The Compliant News Room

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There has been much ink spilled and great gnashing of teeth over Facebook’s news tab and the inclusion of Breitbart as a “high quality” news source. I continue to be amazed that social media organizations have moved to help establish clear standards and certification for what counts as a high quality newsroom.

In Enterprise software if you want large companies (like Facebook) to buy your software or services, you will eventually have to get a compliance attestation from a third party auditor that your company follows industry standard practices around code development, testing, deployment, and security. Depending on who your potential customers are there are a cornucopia of potential certifications, SOC2, ISO (lots of these actually), HIPAA for health, PCI for credit cards, FedRAMP for the U.S. Federal government. All of these standards provide you a checklist practices that you have to demonstrate your compliance with, then you find an auditor to come in, look at your books and ask you to prove that you follow your own stated policies.

News rooms are not all that different than software development teams. They produce news content and we produce software through lines of code and configuration. They (should) fact-check articles and software development (should) run automated tests before deploying. News organizations (should) have a process to respond to questions of accuracy and (should) issue redactions and corrections when their stories are demonstrated to have factual issues; software shops have vulnerability disclosure programs and (should) have the ability to provide patches and remediations for security flaws. Conceptually there are broad parallels between these two systems, we have functioning systems to provide compliance attestations for software, it should be possible to do the same for journalism.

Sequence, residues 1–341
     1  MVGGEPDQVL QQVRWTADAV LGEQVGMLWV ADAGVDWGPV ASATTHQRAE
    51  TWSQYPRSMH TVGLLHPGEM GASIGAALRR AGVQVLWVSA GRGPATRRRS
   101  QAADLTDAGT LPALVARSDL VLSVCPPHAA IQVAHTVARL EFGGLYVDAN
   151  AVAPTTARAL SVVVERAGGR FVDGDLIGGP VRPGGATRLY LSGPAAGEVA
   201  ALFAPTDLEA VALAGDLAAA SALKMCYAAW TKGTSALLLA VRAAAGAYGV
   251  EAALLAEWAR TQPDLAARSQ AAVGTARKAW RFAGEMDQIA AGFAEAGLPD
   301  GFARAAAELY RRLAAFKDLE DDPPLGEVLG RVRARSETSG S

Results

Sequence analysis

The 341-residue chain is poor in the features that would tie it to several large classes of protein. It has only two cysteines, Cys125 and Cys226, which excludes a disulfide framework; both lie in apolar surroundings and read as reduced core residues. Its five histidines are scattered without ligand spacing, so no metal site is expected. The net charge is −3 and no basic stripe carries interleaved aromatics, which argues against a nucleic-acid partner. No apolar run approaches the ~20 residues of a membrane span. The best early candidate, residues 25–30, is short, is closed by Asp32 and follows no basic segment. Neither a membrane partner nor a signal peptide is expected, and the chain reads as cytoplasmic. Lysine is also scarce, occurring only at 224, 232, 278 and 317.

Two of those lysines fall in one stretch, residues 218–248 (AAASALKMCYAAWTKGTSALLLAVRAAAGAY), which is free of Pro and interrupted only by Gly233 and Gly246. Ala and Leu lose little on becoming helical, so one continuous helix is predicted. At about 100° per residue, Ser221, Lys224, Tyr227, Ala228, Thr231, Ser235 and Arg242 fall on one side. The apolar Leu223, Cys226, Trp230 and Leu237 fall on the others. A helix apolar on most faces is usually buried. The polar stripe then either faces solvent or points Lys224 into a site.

It is important to note that none of the things I’ve mentioned have any real bearing on the content of the journalism. It should be equally possible for news organizations from every end of a multi-dimensional political, social, economic spectrum to implement practices that demonstrate that the stories they produce are researched, fact checked and published responsibly. There are certainly no shortage of journalism schools and professors who educate journalists, I’m sure they would be interested to establish some standards.

If, and I know a big if, we had this in place we would have a tremendous boon to the news consumption ecosystem. News aggregators of all stripes (Facebook, Twitter, Reddit, Google News and Search) could all have a uniform standard by which to decide how they are going to label content, based on the rigor of its production. If you have a specific “News” section, technology companies could make the responsible choice of only listing certified content providers with traffic above a large threshold. If an article is going viral through their network they could put a clear asterisk next to the content; “This article appears to be news, but we cannot confirm their compliance with best practices.”

Yes, this would probably favor the big news providers over smaller ones. But it would also provide an opportunity for news aggregators who say they care about free speech and democracy and the media ecosystem to build tools, support training and development for small news sources to professionalize and raise the bar. Additionally there could be a progressive ladder of practices and standards for organizations of increasing size.

On the plus side, this gives the news aggregators the opportunity to externalize some of their decision making about what is considered news. No longer do they need to get dragged in front of legislative bodies about their bias in news source selection they can say, “we adopted an academic standard over which we had no meaningful influence, we allow third party auditors to assess compliance with that standard and prioritize content from those sources because we care for our users.”

The spread of freedom of speech and democracy depends on an informed public, but an informed public needs well sourced information from respectable sources, not hype and lies produced for the clicks and the lolz.

Written on October 30, 2019